12 April 2003

Elephant, by The White Stripes

Great album. There’s nothing original about what the brother-and-sister (?) team known as The White Stripes are doing, but they just do it very well. At the moment I’m missing the two albums between their first album and this, their fourth, but I’d have to say that there hasn’t been any progress as such. You’ll see what I mean if you compare this album to Placebo’s recently released fourth album, which sounds completely different to their first. The White Stripes still have their feet firmly planted in Led Zeppelin’s first to third albums, even though other references creep in there every so often. But they’ve simply got better at it.

I don’t know of many other bands out there that do the Led Zeppelin-filtered blues-rock as well as The White Stripes. Of course they could be accused of being retro (and in the words of Tool’s Maynard James Keenan, “Fuck retro anything”), but I think the truth is more subtle than that. The White Stripes are just plain old-school rock music with edge; there is no bombast about it, no pretence of being intense in an attempt to sell more records, and there is a sense of humour in much of what they do (witness the last song on this album, 'Well It's True That We Love One Another'). Unlike self-styled indie-drivel like Nickelcack (sorry, -back) or Puddle of Crud (sorry, Mudd), The White Stripes don’t wear Led Zeppelin T-shirts in order to gain ‘Rock’ credibility whilst regurgitating their insipid rubbish; you listen to their records and hear the influence of the music, and get the impression that they play the music they do simply because they love it.

The influence of Led Zeppelin is everywhere, although as I’ve indicated, only the first three blues-based albums of 1968-1970. Jack White’s impression of Robert Plant has to be heard to be believed, even if he can’t quite reach the high notes, and his guitar playing is clearly inspired by Jimmy Page. The 7-minute 'Ball and Biscuit' is a fully at home in the epic-blues-drama that Led Zep perfected on 'Since I've Been Loving You' on III. But as I’m listening to the record, I’m reminded of the other ‘Class of '68’ bands on occasion. 'The Hardest Button To Button' begins almost identically to 'No-One Came' from Deep Purple’s 1972 Fireball; Jack's singing on 'Hypnotize' is reminiscent of Purple’s Ian Gillan, and 'The Air Near My Fingers' reminds me of another Purple song, 'Hush'. The crunch of the middle section on 'Black Math' strikes me as a more than a passing reference to Black Sabbath, but in general when they crunch The White Stripes have more of The Stooges about them than Sabbath, as on 'Little Acorns'.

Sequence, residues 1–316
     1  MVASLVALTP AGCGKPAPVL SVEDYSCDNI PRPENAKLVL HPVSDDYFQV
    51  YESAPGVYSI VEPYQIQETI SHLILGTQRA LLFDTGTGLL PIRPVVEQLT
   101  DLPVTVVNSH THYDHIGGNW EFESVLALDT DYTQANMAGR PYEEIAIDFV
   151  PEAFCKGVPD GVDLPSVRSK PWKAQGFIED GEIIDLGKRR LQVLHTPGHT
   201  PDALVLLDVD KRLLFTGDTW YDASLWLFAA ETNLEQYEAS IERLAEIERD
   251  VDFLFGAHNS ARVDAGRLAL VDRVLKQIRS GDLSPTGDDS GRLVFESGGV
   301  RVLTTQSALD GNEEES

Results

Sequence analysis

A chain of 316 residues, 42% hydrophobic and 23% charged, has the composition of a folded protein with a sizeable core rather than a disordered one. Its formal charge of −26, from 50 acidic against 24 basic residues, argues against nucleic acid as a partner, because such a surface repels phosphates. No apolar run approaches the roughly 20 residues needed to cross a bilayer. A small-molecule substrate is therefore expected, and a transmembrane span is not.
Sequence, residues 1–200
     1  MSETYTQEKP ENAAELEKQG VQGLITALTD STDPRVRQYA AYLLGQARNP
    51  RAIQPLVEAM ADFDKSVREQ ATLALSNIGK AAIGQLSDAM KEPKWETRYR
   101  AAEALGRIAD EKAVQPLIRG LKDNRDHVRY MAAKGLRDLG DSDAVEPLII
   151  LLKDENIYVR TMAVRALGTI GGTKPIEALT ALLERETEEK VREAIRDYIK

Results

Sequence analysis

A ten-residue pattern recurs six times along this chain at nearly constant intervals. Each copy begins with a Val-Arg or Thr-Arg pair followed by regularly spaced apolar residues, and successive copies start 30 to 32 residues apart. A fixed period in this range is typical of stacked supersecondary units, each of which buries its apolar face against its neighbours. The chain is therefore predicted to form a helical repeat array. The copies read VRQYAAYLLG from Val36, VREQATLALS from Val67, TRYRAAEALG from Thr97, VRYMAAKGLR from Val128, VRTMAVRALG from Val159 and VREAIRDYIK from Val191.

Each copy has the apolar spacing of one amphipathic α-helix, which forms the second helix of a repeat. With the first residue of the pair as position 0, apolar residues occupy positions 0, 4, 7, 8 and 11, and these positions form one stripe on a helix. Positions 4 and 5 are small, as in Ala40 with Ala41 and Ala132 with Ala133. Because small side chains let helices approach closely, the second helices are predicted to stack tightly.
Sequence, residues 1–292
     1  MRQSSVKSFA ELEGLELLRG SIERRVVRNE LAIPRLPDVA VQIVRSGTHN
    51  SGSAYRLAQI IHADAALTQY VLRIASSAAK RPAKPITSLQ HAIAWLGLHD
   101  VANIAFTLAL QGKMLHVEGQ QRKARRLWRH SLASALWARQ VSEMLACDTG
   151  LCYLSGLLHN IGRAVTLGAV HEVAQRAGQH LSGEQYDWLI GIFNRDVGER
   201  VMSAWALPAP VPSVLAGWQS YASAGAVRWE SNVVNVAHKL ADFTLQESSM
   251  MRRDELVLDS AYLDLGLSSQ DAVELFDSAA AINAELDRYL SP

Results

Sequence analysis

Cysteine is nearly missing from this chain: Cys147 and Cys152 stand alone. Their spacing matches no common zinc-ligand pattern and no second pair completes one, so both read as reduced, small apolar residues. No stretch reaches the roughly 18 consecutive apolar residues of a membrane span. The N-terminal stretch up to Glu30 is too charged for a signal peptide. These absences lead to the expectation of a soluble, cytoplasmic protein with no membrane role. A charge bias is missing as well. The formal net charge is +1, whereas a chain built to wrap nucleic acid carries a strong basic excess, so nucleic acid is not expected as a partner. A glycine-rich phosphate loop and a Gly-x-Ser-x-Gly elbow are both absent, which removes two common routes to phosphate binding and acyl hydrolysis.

I guess it might be harder to appreciate fully what The White Stripes are doing if you don’t get the musical background, but the fact is that they rock in a way that very few bands do anymore. Fans of their predecessors might complain that we should bypass them and listen to the originals, but that’s not fair. For a start, Led Zep aren’t around anymore. Secondly, just as Nirvana were doing something important by attempting to decapitate the mullet-rock of the 80’s, not by doing anything original but by re-invigorating punk, The White Stripes are like a breath of fresh air in the foul-smelling morass which is today’s rock scene. And if it is any comfort to the old rockers who cringe at the thought of Led Zep and Purple being bundled into the same category as The Spice Girls in record shops, at least the fact that The White Stripes are to be found in the Indie section should offer some consolation. Good old-fashioned rock music is decidedly alternative in this day and age, and The White Stripes are doing it like no one else.

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